The players in the Nordic power market, i.e. producers, transmission system operators and regulators use computer models to plan for the best possible utilization of the system and energy resources. The computer models give results such as power prices, power production, dispatch etc. for different weather scenarios. This is important to avoid emptying reservoirs which may result in curtailment of electricity or to avoid too cautious operation which may result in unnecessary spillage and lost power production.
The future power system will have more non-controllable renewable power sources such as wind and solar and a stronger coupling to the continental Europe. Today's computational methods are not adapted for analysis of the future power system with intermittent energy sources. The Fansi model, developed in the SOVN-project, was developed with methods suitable for analysis of the future power system. The results from this model are promising but comes at the cost of a high computational burden. This project will investigate techniques to reduce the computational burden, and thus make the model usable for analyses or operational use.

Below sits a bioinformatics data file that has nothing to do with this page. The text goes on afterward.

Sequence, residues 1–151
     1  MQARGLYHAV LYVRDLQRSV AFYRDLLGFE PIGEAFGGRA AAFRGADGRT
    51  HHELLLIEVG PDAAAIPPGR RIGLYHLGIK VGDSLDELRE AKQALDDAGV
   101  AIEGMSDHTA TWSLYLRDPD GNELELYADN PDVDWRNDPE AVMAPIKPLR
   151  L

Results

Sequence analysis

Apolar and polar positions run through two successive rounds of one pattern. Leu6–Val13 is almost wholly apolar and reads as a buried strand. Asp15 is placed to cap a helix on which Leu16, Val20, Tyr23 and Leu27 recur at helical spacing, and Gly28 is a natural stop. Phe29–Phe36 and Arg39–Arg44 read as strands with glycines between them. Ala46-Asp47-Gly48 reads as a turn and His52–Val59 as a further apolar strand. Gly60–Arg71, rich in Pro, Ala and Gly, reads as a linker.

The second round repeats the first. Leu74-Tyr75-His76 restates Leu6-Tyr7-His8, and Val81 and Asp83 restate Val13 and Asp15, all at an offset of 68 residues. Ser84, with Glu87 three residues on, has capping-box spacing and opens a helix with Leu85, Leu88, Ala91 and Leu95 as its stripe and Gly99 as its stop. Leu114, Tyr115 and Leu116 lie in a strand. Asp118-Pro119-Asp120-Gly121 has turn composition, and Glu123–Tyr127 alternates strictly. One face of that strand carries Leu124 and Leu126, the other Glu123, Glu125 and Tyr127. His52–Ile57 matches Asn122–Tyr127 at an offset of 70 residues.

The FanSi model formulates mathematical optimisation problems of a large power system, for example the Nordic power system. In addition, the optimisation problem has a long time-horizon stretching over many timesteps, for example 8760 hours of a year. A know technique to reduce calculation time is to divide the large optimisation problem into many smaller optimisation problems, for example one can split the problem into smaller geographical areas and/or in time. This requires the coordination of the solutions from the smaller problems into a complete solution of the problem. This allows for reduced calculation time and large-scale parallel processing which in turn will reduce calculation time.
Statnett - Contact: Ivar Husevåg Døskeland
- SINTEF Energy Research
- Statkraft Energi
- The Norwegian Water Resources and Energy Directorate (NVE)
This is an IPN-project - Innovation Project for the Industrial Sector - partly financed by the Research Council of Norway